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Marquis Teague of Kentucky tries to get by Russ Smith (2) of Louisville n the NCAA Tournament semifinals at the Mercedes-Benz Superdome in New Orleans, Louisiana, on Saturday, March 31, 2012. (Harry E. Walker/MCT)
Sunday, April 1, 2012

Kentucky rallies past Louisville, on to finals

NEW ORLEANS – Kentucky wound up right where it expected to be all along.

Even if it took a little work to get there.

Anthony Davis and top-seeded Kentucky will play for the national title Monday night after finally putting away pesky Louisville 69-61 in the Final Four on Saturday night. It will be Kentucky’s first appearance in the title game since winning a seventh NCAA crown back in 1998. The Wildcats (37-2) will face the winner of Kansas-Ohio State.

As the final seconds ticked down, Davis screamed at the crowd and pointed to the court as if to say, “This is our house!”

Yes, yes it is.

With Davis, everybody’s player of the year, leading a star-studded roster, Kentucky was the top seed in the tournament and the heavy favorite to cut down the nets when the whole tournament was done. And coach John Calipari wouldn’t let his young players consider anything else, saying repeatedly this was “just another game.”

But playing in-state rival Louisville (30-10) is never “just another game,” and the Cardinals made Kentucky work deep into the second half to grind this victory out.

Bigger, bulkier and with Davis having a wider wingspan than some small airplanes, the Wildcats looked like playground bullies as they pushed Louisville around on their way to a 13-point lead early in the second half.

But the Cardinals know a thing about rallies after coming from 11 points down to beat Florida in last weekend’s West Regional final, and they sure made Kentucky sweat.

Russ Smith made back-to-back buckets to start a 15-3 run, and Peyton Siva capped it with a 3-pointer from NBA range that tied the game at 49 with 9:11 to play. But Michael Kidd-Gilchrist, who played just 23 minutes because of foul trouble, made back-to-back buckets to give the Wildcats some breathing room.

After Siva made a pair of free throws, Terrence Jones scored on a jumper and Darius Miller drilled a 3 – only Kentucky’s second of the game – to give the Wildcats control for good.

Just to make sure Louisville didn’t get any wild notions about another late comeback, Kidd-Gilchrist threw down a monstrous dunk with 1:05 to play that had Kentucky fans on their feet and assistant coaches from Kansas and Ohio State scrambling to try and find a way to stop this juggernaut.

Kentucky shot a dazzling 57 percent – yes, that’s right – with Davis leading the way. He missed just one of his eight shots and finished with 18 points and 14 rebounds. Miller added 13 points, and Doron Lamb had 10. Kidd-Gilchrist had nine, all in the second half.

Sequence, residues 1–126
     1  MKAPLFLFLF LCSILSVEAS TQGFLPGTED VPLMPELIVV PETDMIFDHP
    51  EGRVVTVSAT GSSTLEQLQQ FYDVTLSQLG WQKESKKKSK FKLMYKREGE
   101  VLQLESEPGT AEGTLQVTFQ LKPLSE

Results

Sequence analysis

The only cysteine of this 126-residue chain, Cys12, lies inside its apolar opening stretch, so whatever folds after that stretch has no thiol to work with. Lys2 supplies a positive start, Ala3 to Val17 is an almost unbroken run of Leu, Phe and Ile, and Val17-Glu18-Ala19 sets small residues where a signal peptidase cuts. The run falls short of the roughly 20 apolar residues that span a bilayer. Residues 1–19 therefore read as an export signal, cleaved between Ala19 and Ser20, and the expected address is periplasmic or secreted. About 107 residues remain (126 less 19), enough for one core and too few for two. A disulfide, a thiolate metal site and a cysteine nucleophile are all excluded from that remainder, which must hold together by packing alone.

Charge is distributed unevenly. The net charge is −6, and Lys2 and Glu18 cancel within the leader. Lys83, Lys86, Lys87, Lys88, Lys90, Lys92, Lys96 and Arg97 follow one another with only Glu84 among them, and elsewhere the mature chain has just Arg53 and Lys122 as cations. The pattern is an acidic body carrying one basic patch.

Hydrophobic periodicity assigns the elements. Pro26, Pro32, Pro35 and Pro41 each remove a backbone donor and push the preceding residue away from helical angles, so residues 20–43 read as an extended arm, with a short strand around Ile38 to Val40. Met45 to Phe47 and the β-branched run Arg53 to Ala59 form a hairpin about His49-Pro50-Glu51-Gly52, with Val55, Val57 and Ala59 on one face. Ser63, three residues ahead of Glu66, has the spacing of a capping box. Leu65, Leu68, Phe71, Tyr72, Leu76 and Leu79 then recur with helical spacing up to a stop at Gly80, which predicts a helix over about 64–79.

Miller made the most of his moment. Freshman forward Kyle Wiltjer did the same in his cameo.

Two guys who would likely start for any other team in the nation are bench players at Kentucky. Miller scored 13 points, Wiltjer added five and both snuffed out the Cardinals’ momentum at key points with their play on both ends of the floor.

Wiltjer was among the nation’s top 20 recruits last year, but is largely overshadowed by Kentucky’s fantastic freshman starters: Anthony Davis, Michael Kidd-Gilchrist and Marquis Teague. Miller had started 69 games over his previous two seasons, but willingly went to the bench to make room for Kidd-Gilchrist.

While Kentucky’s freshmen and two sophomore starters get the spotlight, Miller and Wiltjer both provided key minutes as the Wildcats advanced to the national championship game for the first time since winning it all in 1998.

“It’s great stuff. I’m proud of this team. They’re coming together,” coach John Calipari said. “They’ve taken on shots and runs like Louisville did today, and they’ve held their own, so I’m proud of them.”

At moments when the Cardinals appeared poised to pounce, Miller or Wiltjer shot them down.

Miller, the closest thing to a hometown kid after growing up 65 miles from Lexington in Maysville, Ky., is often called the sixth starter by Calipari. Much like his role in the second half of games all season, he produced just when the Wildcats needed him.

With Kentucky leading 37-32, the 6-foot-9 Miller hit a jumper, then stripped Chane Behanan on consecutive plays that led to points and put Kentucky ahead 43-32. After the Cardinals rallied back and tied it, Miller was a major contributor in an 11-2 run that put Kentucky ahead to stay with a 3-pointer off a pass from Teague and a pair of free throws after his strong move to the basket against Kyle Kuric.

Wiltjer’s brief appearance proved productive, too. The 6-foot-9 forward from Portland, Ore., played all 8 of his minutes before the break and made a pair of key plays after Louisville scored five consecutive points to cut the Wildcats’ lead to 31-28.

Teague found Wiltjer for a 3-pointer, then Wiltjer stole the ball from Chris Smith on the ensuing possession. Despite being teased as the slowest of the quick ‘Cats, Wiltjer pushed the play and ended up finding Doron Lamb, who was fouled and hit one of two free throws to give Kentucky a 35-28 halftime lead.

That would be it for Wiltjer, but that would be plenty to prove just how effective Kentucky’s bench can be.